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Imran Qureshi

Pakistani Contemporary Artist
Born 1972, Hyderabad, Pakistan
Lives and works in Lahore, Pakistan

Imran Qureshi is one of the front-runners of the revivalist and re-invented miniature traditions in Pakistan. He presents his art as a dialogue between history and contemporary, tradition and modern, and religious and secular. His large-scale installations are infused with a similar delicate and precise rendering as his miniatures.



Bachelor of Fine Arts, National College of Arts, Lahore



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Qureshi plays on the line between the traditional and modern in his art

Imran Qureshi's art is situated along a complex axis of tradition and modernity, remapping both the form and context. Trained as a miniaturist and evoking the Persian and and Mughal aesthetic, his artistic inclinations bring about layers of re-locating this historical tradition. He would use the form of miniature for contemporary narratives, and on another layer within it, invest the content with both the traditional and the modern, conservative and liberal icons and motifs.

For example his Moderate Enlightenment series, 2009, concludes the form of miniatures displaying contemporaneous, ubiquitous characters carrying products of a globalised world, in attires that are deemed Western, albeit sporting other signifiers of tradition. These complexities are mirrored in various strata in his country Pakistan with religious fundamentalism and an inclination towards a pro-West state policy going in tandem.

Imran Qureshi, Moderate Enlightenment, 2009.

The visual vocabulary carries signs of paradoxes

Imran’s works are created to be viewed through both a micro and a macro insight. This engagement with the artwork directly in deciphering the essence and intention of his art is an important element. It signals the presence of paradoxes, and they reveal themselves according to how the audience views it.

The site-specific installation And How Many Rains Must Fall Before the Stains Are Washed Cleaned, 2013, commissioned by the Metropolitan Museum of Art, New York, was created by splattering the rooftop of the museum with red acrylic paint and then intricate patterns ornamented on the splatter, leaving behind mesmerising effects of luxurious foliage. From afar, the pattern looks like spilled blood, the gruesome vestiges of the bombings in his home country and elsewhere, but once the viewer walks over the piece, the pattern evolves to reveal rich blossoms of leaves. This fuses the reminder of daily deaths with hopes of fresh beginnings.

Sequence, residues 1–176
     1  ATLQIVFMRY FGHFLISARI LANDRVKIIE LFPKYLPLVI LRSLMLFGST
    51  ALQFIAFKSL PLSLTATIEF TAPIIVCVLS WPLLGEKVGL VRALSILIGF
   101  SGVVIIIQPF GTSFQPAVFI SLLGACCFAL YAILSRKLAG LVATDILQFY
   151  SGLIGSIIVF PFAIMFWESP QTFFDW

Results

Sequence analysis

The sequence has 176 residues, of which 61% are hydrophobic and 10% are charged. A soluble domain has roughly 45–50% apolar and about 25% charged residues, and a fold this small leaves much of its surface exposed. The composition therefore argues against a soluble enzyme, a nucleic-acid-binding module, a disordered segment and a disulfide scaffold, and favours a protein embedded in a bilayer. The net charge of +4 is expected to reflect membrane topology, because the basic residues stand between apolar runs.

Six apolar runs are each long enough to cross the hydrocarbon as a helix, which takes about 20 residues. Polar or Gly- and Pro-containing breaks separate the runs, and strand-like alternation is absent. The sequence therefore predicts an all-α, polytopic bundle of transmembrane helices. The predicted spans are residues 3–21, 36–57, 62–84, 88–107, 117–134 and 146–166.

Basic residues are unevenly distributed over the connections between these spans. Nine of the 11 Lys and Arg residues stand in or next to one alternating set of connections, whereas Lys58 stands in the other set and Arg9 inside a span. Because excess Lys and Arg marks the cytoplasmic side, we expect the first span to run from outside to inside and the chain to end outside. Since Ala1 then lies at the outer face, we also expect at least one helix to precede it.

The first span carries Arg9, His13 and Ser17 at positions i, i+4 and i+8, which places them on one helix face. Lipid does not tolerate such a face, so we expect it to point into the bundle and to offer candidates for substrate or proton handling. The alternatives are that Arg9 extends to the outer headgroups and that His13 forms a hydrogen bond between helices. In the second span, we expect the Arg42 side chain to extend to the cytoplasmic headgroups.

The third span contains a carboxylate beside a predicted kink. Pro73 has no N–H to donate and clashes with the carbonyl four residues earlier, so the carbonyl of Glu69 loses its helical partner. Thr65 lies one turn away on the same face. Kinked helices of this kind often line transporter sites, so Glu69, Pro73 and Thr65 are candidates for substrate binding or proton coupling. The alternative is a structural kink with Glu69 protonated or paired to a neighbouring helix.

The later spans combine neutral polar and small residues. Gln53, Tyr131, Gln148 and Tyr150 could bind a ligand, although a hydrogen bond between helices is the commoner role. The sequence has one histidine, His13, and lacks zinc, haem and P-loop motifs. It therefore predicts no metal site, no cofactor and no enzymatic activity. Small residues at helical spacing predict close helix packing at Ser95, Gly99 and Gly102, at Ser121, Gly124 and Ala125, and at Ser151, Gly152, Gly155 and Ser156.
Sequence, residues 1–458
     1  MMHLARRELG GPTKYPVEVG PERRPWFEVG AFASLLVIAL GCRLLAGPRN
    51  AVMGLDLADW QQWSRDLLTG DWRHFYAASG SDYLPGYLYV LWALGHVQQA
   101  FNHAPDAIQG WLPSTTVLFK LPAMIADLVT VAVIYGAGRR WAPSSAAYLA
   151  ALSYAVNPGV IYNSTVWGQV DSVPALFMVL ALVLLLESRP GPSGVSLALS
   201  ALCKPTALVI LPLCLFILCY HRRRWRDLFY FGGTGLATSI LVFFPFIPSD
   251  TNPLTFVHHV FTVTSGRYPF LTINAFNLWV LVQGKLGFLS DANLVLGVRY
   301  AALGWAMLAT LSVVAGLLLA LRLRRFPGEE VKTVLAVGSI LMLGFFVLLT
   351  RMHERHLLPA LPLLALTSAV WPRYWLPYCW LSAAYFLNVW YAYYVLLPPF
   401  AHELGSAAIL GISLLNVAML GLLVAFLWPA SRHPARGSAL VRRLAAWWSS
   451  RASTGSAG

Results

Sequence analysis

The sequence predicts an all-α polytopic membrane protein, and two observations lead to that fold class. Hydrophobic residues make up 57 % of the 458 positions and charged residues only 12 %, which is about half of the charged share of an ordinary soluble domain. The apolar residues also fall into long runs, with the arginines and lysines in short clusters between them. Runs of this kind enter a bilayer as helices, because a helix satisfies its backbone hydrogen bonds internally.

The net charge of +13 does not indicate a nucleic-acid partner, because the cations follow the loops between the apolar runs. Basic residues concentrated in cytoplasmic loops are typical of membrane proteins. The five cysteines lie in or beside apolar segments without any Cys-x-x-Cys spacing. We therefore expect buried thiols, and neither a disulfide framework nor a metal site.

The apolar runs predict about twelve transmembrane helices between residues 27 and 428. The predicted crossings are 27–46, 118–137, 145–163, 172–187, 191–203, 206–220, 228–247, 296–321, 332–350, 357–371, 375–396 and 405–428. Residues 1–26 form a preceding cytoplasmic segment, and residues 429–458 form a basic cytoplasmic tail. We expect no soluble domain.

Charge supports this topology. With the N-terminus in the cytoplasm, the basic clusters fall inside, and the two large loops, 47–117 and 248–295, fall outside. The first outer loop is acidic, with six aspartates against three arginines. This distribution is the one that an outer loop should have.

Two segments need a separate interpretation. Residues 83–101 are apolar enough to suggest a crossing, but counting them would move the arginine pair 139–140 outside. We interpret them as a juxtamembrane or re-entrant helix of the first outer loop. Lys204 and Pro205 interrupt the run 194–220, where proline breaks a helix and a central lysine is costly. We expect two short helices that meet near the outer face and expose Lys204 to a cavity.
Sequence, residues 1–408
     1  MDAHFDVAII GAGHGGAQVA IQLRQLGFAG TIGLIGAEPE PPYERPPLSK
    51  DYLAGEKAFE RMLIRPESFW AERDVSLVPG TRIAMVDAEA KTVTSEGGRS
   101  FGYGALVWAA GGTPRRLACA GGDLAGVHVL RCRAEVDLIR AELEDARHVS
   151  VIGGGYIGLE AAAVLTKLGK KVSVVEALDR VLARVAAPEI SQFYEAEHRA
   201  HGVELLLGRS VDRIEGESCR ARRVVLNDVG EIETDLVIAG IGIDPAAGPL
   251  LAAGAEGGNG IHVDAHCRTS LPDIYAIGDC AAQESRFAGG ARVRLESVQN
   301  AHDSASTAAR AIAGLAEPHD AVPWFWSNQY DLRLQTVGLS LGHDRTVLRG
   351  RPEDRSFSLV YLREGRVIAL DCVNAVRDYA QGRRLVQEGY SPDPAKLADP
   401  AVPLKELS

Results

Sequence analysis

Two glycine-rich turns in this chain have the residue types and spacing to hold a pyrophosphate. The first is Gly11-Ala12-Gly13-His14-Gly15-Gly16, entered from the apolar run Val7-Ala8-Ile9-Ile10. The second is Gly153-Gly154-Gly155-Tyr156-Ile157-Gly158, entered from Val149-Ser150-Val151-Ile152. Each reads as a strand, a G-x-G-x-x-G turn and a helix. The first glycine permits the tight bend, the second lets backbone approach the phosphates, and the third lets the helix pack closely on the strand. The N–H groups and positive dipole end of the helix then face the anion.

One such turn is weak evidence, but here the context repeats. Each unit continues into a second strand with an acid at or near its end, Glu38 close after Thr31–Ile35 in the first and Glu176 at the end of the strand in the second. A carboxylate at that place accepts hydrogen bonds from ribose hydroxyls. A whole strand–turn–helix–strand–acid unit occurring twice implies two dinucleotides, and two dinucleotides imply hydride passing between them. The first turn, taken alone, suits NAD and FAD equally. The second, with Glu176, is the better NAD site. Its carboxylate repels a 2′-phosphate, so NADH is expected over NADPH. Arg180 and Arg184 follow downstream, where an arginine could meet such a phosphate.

Imran Qureshi, And How Many Rains Must Fall Before the Stains Are Washed Cleaned, 2013. Installation view, The Roof Garden Commission, Metropolitan Museum of Art, New York.

Detail of The Rooftop Commission at the Metropolitan Museum of Art.

He develops a contemporary rendering of Miniatures

Imran Qureshi re-visualises the figurative tradition of the miniature painting and pushes the formal boundaries to incorporate abstraction in his renderings . The historical miniature tradition heavily invested in a structuralist visual vocabulary, with architecture arranged in a formalistic manner and human figures populating the page according to set hierarchies. This is completely upturned and the miniatures are given a new lease with a contemporary language.

His portraits carry this stamp of unfamiliarity, revoking the historical notions of portraiture with a more abstract language. His portraits are no longer an emperor in full regalia but egg shaped monochromes and floral patterns on gold backgrounds.

Imran Qureshi, Portraits, 2009, opaque watercolour and gold leaf on wasli paper.

Large-scale installations share the same level of detailing as his other works

Imran Qureshi very efficaciously travels between the small-scale miniatures and large-scale on-site installations. His training as a miniaturist has inculcated in him the slow and deliberate movements that are required to produce the small exquisite paintings. The painstaking and delicate detailing through various designs, textures and colours in the miniatures is replicated in his large scale installations.

The large scale installations like the Rooftop Commission at the MET or the Sydney Biennial transforms the location, expanding the horizons. The same precision and deliberation is tested out against these real locations with an equal fervour and result. The containment and anticipation that miniatures have is also granted a similar acknowledgement in the installations, as they are remarkably positioned and controlled to suit the boundaries and topography of these locations.

Imran Qureshi, They Shimmer Still, 2012. Installation view, 18th Biennial of Sydney, 2012.

Foliage imagery has an overwhelming presence in Imran's works

Imaran Qureshi, in his small-scale miniatures as well as his large-scale installations, works with the images of foliage in varying colours. The foliage is rendered with distinct gradations, various colours and textures, sometimes to merge with the backdrop of the installation. They are executed in minute details and mostly follow a repetitive and geometric patterning, after the traditional patterns seen in Islamic architecture.

The foliage in essence is invoked with ideas of religion, fundamentalism, violence, while manoeuvring through a complex map of human emotions, of hope and beauty.

Imran Qureshi at work with his leaf-patterning.